State health officials have reported 13 confirmed cases of measles in central Indiana including two people who traveled to the Super Bowl Village in Indianapolis earlier this month.
The cases includes both children and adults, and all are residents of Hamilton and Boone counties, both near Indianapolis.
The two people with measles who visited the Super Bowl Village -- a collection of football-related attractions outside the stadium -- were together during their February 3 visit, two days before the National Football League championship game, state officials said in a statement Tuesday.
Indiana has notified health officials in New York and Massachusetts regarding the potential exposure because the two teams were the New York Giants and New England Patriots. No additional cases of measles have yet been reported as a result of the exposure, according to the Indiana State Department of Health.
Measles is a highly contagious respiratory disease which in some cases can lead to hearing loss, pneumonia and death. It can also lead to pregnancy complications.
Measles is relatively rare in the United States due to high vaccination rates. But last year saw the highest numbers in the U.S. since 1996, at 222 cases and 17 outbreaks, according to the U.S. Centers for Disease Control. One of the 2011 outbreaks also was in Indiana.
Dr. Jorge Parada, professor of medicine and direction of the infection prevention and control program at Loyola University Medical Center near Chicago, said the reason for the increased cases of measles in the U.S. is reduced rates of vaccination. Three-quarters of the cases last year were transmitted locally, within the United States, rather than being picked up in another country.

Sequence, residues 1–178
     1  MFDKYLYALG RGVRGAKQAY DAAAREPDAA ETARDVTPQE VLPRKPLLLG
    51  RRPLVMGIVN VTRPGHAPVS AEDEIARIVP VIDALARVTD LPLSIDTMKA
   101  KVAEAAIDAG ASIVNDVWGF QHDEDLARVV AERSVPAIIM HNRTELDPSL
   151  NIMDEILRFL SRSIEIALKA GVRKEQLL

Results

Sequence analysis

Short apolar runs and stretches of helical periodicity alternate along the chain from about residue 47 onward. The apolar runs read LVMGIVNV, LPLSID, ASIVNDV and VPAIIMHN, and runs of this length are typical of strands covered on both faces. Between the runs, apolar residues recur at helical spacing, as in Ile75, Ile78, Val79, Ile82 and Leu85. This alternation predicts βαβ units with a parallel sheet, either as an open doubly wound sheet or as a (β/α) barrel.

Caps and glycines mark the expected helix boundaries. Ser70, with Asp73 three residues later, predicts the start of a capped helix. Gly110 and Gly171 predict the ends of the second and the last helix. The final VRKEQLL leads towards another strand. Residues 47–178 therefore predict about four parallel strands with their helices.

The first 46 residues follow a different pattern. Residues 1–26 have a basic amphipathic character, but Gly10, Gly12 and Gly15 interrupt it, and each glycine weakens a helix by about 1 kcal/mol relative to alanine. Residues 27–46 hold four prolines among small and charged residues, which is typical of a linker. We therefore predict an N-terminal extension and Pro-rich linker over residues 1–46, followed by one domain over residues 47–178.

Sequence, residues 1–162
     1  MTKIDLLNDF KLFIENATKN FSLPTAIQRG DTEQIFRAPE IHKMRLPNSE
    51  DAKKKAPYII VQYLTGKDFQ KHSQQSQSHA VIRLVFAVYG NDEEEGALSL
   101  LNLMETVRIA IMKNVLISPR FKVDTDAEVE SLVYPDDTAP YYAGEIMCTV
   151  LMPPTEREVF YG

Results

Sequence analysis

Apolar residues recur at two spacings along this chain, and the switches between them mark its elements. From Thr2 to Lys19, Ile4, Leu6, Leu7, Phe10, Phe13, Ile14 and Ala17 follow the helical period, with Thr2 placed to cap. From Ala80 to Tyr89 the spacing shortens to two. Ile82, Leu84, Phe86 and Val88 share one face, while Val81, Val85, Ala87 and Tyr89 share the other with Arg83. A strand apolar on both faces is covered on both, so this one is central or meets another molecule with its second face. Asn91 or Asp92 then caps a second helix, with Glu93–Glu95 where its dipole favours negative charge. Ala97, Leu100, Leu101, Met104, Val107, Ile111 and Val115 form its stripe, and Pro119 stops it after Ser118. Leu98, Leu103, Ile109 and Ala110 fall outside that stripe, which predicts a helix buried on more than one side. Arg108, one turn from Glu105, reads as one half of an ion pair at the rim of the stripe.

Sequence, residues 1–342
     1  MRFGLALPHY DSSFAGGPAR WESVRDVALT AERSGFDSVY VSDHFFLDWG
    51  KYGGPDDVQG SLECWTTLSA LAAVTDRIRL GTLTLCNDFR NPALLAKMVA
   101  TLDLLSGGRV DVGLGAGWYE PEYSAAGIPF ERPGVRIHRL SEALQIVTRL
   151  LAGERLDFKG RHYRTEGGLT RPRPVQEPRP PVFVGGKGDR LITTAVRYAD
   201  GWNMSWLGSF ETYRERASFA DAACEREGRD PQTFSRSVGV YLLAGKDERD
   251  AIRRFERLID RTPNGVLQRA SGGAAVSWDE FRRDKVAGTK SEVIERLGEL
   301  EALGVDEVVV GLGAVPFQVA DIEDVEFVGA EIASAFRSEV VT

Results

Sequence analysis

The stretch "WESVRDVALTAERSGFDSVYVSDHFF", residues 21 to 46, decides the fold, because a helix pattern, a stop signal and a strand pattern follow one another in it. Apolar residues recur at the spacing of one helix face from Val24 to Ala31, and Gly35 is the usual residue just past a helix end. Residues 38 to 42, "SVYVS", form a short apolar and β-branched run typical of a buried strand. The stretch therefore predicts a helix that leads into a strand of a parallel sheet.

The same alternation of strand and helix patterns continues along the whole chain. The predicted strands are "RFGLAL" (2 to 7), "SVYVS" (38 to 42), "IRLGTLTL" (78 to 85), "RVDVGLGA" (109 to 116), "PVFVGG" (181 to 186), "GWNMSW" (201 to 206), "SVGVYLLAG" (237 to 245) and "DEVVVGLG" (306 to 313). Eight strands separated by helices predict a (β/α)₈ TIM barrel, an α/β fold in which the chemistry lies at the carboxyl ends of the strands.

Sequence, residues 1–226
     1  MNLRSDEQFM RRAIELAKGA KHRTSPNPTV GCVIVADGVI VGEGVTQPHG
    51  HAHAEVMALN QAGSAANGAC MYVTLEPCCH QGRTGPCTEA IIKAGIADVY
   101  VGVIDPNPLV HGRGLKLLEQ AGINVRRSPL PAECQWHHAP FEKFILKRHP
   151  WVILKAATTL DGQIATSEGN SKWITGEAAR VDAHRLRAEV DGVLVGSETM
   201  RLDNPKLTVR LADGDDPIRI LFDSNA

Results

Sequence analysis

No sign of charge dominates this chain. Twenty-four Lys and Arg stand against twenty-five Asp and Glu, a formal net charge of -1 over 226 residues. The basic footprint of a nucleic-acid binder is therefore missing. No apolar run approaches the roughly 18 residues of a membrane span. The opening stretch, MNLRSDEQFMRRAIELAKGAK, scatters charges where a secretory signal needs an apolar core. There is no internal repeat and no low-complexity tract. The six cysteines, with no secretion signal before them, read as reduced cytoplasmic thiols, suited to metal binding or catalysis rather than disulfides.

Of the 123 U.S. residents who were infected last year, more than 90 percent were not vaccinated or it was not known if they had been vaccinated, Parada said. Two-thirds of people who avoid vaccination cite religious or philosophical reasons.
Parada noted that 500 U.S. residents people a year used to die from measles before vaccinations began in 1963, and more than 1,000 developed chronic disabilities. He said that links between the measles, mumps and rubella or "MMR" vaccine to autism have not been substantiated, and that immunizing for these diseases is a "no-brainer."
"Whatever risks there are (to vaccination) they pale in comparison with the danger of the natural disease," Parada said.
He said high vaccination rates in the United States have been so effective at eliminating measles people no longer remember how bad it can be. Parada worked for a year in Angola -- and got to see the misery of measles first hand.
"Once you see all the problems and complications of the natural disease, the benefit of vaccine becomes so acutely obvious it becomes a no-brainer," Parada said.